Director – Kourosh Ahari, Screenplay – Kourosh Ahari & Milad Jarmooz, Producers – Kourosh Ahari, Jeffrey Allard, Armin Amiri, Alex Bretow, Mohammed Dormanesh & Cheryl Staurukalis, Photography – Maz Makhani, Music – Nima Fakhrara, Visual Effects Supervisor – Esmaeel G. Adivi, Special Effects Supervisor – Nick Plantico, Production Design – Jennifer Dehghan. Production Company – Mammoth Pictures/7 Skies Entertainment/Indie Entertainment/Orama Filmworks/Leveller/Supernova 8 Films.
Shahab Hosseini (Babak Naderi), Niousha Noor (Neda Naderi), George Maguire (Hotel Receptionist), Michael Graham (Police Officer), Armin Amiri (Farhad), Elester Latham (Displaced Man), Kathreen Khavari (Elahe), Gia Mora (Sara), Alain Wachnevsky (Mohsen), Lily V.K. (Sofia), Leah Oganyan (Shabnam Naderi)
Husband and wife Babak and Neda Naderi are an Iranian couple living in Los Angeles where he works as a doctor. They leave a party of fellow Iranian expatiates to head home. Neda is concerned about Babak driving after having been drinking. After getting lost, they make a decision to go to a hotel for the night and sign in to the Hotel Normandie. There they soon begin to experience strange things, including mysterious strangers, sinister figures and a shifting sense of reality leaving Babak unable to be sure what is happening.
A few years ago when reviewing Tobe Hooper’s Djinn (2013), I set out to answer the question if there had ever been such a thing as an Islamic horror film or even one that had ever emerged from Islamic countries. I found very occasional examples produced by Middle Eastern countries, although these had next-to-zero release in English-speaking territories. There was the British-made Born of Fire (1986) but that seemed to be it. Subsequently, we did see the Turkish Baskin (2015) and both A Girl Walks Hone Alone at Night (2014) and the very good Under the Shadow (2016), both made by an Iranian expatriates. (See Islam in Fantastic Cinema).
The Night was a directorial debut for Kourosh Ahari who is Iranian-born but moved to the US in his teens. The film, while shot in Los Angeles, was a co-production between the US and Iran and has the distinction of being the first US film to be released in Iran since the Cultural Revolution of 1979.
As it starts, The Night seems anything but what you would expect a film that would play in Iran to be like. We are at a party made up of very Westernised Iranian expatriates somewhere in Los Angeles. Their conversation slips back and forth between Persian and English. They smoke and drink (something that has been banned in Iran since 1979). The women are preparing non-traditional food – ie. having assimilated to the culture – and wear Western dress with no hijab (which is mandated by law in public in Iran). Niousha Noor reveals to the others that she and husband Shahab Hosseini have just gotten matching tattoos, while the film opens with them plying the party game Mafia. Although there is no explicit mention made of religion, there is the sense as with Under the Shadow that the couple at the centre of the film are being punished by dark forces for having strayed from traditional faith.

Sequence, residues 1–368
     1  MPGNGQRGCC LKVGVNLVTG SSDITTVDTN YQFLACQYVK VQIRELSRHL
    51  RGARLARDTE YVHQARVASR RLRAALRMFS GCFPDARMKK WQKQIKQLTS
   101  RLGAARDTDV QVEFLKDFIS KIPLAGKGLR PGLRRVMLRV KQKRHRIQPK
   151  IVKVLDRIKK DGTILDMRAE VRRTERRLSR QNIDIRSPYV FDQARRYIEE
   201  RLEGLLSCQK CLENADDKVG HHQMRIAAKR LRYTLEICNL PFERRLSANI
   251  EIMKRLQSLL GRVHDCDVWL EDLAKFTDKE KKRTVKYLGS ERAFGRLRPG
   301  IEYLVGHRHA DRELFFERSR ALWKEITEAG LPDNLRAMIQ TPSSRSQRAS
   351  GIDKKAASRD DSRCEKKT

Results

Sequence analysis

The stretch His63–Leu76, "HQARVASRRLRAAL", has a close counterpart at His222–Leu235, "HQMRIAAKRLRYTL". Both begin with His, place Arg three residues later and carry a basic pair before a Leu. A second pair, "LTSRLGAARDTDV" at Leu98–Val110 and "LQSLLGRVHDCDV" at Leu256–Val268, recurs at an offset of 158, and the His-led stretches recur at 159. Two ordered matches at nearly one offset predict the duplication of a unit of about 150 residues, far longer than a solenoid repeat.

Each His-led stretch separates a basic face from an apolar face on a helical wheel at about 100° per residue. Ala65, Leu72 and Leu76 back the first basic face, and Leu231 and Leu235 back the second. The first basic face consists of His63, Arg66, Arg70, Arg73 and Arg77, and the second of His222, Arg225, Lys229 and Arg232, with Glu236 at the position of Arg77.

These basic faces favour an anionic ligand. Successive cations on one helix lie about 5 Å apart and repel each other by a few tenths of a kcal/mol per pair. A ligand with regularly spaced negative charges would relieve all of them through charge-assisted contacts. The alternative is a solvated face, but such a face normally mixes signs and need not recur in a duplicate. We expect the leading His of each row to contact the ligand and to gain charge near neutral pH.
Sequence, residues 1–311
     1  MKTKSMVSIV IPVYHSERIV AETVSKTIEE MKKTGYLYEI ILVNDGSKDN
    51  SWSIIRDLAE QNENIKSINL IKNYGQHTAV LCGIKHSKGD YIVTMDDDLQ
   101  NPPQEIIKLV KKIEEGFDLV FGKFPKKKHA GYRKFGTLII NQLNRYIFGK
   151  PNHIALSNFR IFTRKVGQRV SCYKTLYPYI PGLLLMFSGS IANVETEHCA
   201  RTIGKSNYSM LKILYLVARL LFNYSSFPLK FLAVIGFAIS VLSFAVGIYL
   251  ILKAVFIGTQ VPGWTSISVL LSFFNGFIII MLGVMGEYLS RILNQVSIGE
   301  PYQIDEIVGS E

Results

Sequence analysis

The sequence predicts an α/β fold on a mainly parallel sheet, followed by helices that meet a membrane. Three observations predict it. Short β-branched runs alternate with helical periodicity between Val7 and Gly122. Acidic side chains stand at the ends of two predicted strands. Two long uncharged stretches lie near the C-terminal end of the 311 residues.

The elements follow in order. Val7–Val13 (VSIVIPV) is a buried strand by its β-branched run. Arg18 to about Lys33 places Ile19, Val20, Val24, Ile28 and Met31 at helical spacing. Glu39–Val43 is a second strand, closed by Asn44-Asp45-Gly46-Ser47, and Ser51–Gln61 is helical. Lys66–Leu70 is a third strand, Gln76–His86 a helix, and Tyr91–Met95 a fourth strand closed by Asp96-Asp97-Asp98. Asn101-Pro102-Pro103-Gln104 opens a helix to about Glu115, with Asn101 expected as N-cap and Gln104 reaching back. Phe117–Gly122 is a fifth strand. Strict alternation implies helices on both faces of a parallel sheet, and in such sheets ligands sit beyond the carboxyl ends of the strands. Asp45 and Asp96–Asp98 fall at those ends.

After Shabab and Niousha Noor arrive at the Hotel Normandie, The Night segues into being a haunted hotel film. There is a certain genre of haunted hotel films – Stephen King has cornered the market on this with one defining classic The Shining (1980) and another pretty good entry with 1408 (2007), while you could include here the subsequent Shelter in Place (2021), the shifting temporal topographies of the French New Wave classic Last Year at Marienbad (1961) and the experimental film The Decay of Fiction (2002) and probably add the Coen Brothers’ non-supernatural psycho film Barton Fink (1991) to the mix as well.
In common with all of these, The Night shares the idea of the hotel as a place of trapped souls from the past; of a realm of shifting topographies that seem to taunt and tease those caught in its walls; of sinister and disturbed visitors and inhabitants. There is also some undeniable similarity to Tobe Hooper’s Djinn wherein a young married modern couple sign into a big empty building only to become trapped inside it by the malevolent things that lurk there.
Kourosh Ahari sets up some undeniably effective set-pieces. There is a pervasive atmosphere of strangeness – the homeless guy who walks out the door and later returns delivering warnings in Persian; the perfectly polite desk clerk who later tells Shabab about the number of deaths he has experienced – “and the worst of them is the death of a child.” Shabab comes downstairs with the baby but then enters into a bewildering series of alternate takes on the event where Niousha comes down, admonishes him, doesn’t come down or has taken the baby herself, before finding he has been asleep in bed all along. If anything, what the film resembles is the baffling shifting realities of the Norwegian Next Door (2005). In perhaps the strangest of these scenes, a cop answers their call and comes to the door where he proves politely dismissive of any of their insistence on anything being wrong then asks to pick up the baby, all before there is a knock at the door, which turns out to be the real (?) cop.
The film comes somewhat unglued towards its ending where we are not entirely sure if this is some type of punishment – maybe the hotel is a form of purgatory and Shabab is being haunted for the death of the child in his hospital, Niousha for having an abortion – but this is never made clear. The film reaches an enigmatic ending not unakin to that of The Shining where Shabab maybe has imagined it all but then finds his reflection in the mirror has a life of its own, before it turns around and the two stand just like the painting we had seen earlier in the hallway of two figures standing with their backs to the frame.